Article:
Following his studies at ECAL, Swedish graphic designer Tor Weibull has captured the interest of It’s Nice That readers many times before. With his typography-focused portfolio, Tor can make typefaces that looks like tubular shaded pieces of metal or another that replicates the game of badminton in its letterforms. More recently he’s turned to exhibitions too, creating the poster designs and a typeface for Carl Oliver Ander’s exhibition Accidents and Aftermath.
Carl’s photographs displayed in the exhibition at Melk Galleri in Oslo “followed the idea that photographs are just like accidents”, Tor tells It’s Nice That. “Similar to a car crash, they stop the progress of movement and time.” Consequently, the photographer’s images examine scenery and how it’s used as a place of investigation, encouraging audiences to try to work out “what has resulted in the photographed situation”. Tor was drafted in to translate this fascinating photographic topic into graphic design.
Beginning his process by talking at length with Carl, “it felt stupid to just lift one image on the poster”, Tor explains. In turn, both came to the conclusion that “it could be nice to use some of the images to both represent variation but also create a narrative for the viewer of the poster”.
With this conceptual approach decided on, the graphic designer then got stuck into the logistics of actually translating the pair’s idea into posters and a typeface. Considering the title of the exhibition is relatively long, Tor began by sketching “condensed letters to be able to squeeze the title a bit and make a reference to tabloid headlines, like some kind of breaking news”. He also thought about “how one could make some subtle twist to it to reflect the theme of the images, the accidental in them”.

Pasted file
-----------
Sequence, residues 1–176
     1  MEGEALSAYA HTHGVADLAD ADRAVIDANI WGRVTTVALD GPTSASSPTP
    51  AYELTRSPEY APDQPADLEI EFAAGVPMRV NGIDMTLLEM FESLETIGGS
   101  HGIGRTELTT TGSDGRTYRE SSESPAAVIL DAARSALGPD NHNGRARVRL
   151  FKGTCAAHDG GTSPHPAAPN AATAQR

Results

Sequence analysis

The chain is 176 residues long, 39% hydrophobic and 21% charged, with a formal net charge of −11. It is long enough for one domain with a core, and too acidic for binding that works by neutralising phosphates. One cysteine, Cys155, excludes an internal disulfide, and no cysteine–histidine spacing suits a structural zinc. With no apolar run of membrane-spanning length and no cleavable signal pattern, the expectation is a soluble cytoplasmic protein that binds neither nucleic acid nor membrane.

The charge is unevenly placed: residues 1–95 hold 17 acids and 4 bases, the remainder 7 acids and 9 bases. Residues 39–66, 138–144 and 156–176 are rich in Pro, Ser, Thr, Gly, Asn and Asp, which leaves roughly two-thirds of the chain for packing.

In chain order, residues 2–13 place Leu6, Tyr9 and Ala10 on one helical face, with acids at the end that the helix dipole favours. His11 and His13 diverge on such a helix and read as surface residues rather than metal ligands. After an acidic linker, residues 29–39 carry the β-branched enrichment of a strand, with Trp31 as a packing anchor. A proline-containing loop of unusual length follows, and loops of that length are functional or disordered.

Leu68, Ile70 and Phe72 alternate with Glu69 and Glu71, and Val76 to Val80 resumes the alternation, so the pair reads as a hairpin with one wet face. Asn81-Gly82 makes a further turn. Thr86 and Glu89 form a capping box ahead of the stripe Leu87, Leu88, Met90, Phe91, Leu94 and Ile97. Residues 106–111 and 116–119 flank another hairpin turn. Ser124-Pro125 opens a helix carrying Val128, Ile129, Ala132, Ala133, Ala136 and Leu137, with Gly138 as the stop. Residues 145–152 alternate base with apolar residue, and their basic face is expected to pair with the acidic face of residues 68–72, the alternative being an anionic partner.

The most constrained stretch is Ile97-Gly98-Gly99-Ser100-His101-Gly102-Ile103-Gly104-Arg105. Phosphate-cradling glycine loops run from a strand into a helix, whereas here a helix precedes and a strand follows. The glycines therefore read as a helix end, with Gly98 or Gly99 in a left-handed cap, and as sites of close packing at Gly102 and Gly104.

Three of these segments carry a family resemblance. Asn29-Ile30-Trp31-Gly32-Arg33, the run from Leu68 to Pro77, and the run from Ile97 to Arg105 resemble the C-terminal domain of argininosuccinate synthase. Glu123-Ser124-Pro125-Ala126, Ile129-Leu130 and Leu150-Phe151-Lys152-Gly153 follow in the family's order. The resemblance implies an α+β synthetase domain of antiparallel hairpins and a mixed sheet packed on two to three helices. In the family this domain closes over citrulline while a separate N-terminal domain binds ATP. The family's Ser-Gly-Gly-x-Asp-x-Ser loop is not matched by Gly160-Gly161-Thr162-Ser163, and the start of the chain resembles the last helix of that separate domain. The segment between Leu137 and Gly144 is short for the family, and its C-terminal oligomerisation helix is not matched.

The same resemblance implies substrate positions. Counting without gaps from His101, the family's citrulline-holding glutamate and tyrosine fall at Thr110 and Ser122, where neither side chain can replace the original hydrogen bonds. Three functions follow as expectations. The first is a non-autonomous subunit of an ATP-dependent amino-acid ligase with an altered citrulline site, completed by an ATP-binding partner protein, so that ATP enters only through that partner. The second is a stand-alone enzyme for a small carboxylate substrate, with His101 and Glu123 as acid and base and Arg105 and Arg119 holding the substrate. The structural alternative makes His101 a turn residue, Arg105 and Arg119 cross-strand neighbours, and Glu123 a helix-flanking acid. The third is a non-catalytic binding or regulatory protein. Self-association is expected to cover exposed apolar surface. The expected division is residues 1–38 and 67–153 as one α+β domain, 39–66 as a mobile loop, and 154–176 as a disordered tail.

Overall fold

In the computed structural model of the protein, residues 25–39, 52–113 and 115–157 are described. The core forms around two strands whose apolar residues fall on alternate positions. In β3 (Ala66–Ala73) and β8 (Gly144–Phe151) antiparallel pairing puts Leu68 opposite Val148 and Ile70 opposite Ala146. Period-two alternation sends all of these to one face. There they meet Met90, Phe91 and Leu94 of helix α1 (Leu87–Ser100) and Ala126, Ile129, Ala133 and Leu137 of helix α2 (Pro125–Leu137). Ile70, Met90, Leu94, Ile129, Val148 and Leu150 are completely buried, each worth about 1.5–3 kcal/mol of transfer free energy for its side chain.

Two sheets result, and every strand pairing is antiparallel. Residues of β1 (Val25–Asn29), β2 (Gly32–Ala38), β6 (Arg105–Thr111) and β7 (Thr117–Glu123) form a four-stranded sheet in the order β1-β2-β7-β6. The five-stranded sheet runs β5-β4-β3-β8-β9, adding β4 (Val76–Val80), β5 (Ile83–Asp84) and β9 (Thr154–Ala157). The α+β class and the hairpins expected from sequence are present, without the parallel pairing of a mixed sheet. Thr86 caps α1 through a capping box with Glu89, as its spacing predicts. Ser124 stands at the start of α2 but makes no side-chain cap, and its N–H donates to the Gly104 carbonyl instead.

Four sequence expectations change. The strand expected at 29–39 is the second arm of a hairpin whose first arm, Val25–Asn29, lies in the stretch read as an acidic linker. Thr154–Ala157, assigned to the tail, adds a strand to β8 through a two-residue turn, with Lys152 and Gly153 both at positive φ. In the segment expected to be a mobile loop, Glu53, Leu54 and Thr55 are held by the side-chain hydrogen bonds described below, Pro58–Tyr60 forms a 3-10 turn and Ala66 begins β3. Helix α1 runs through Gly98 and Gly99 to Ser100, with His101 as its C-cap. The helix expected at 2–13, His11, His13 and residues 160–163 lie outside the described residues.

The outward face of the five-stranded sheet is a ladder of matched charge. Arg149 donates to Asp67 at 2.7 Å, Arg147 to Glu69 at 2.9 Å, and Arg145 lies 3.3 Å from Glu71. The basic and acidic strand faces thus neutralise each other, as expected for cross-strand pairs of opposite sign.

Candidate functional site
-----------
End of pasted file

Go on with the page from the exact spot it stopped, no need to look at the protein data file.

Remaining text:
By sketching with a parallel pen, the graphic designer noticed “that the faster I drew, the more sloppy and interesting mistakes in the letters became,” he recalls. “I noticed one mistake, or rather a typographical accident, on a lowercase ‘a’ where I hadn’t done a stem that was striking through the letter properly.” Taking this characterful mishap as an influence, the designer then applied it to the ‘a’ of the exhibition’s title when mocking up a poster, and “this handwritten ‘a’ became the symbol, or abbreviation, for the exhibition title which became aaa.”
From here, Tor had another typographic stroke of genius which saw him shifting the apertures of the letter to be curled inwards, referring back to Carl’s original description of his photographs being similar to a car crash with their warped details. This then formed an entire typeface to be applied across the exhibition’s branding, even extending the theme in his execution of framing posters for the event, only to smash them… accidentally.
About the Author
Lucy joined It’s Nice That as an editorial assistant in July 2016 after graduating from Chelsea College of Art. In October 2016 she became a staff writer on the editorial team and in January 2019 was made It’s Nice That’s deputy editor. Feel free to get in contact with Lucy about new and upcoming creative projects or editorial ideas for the site.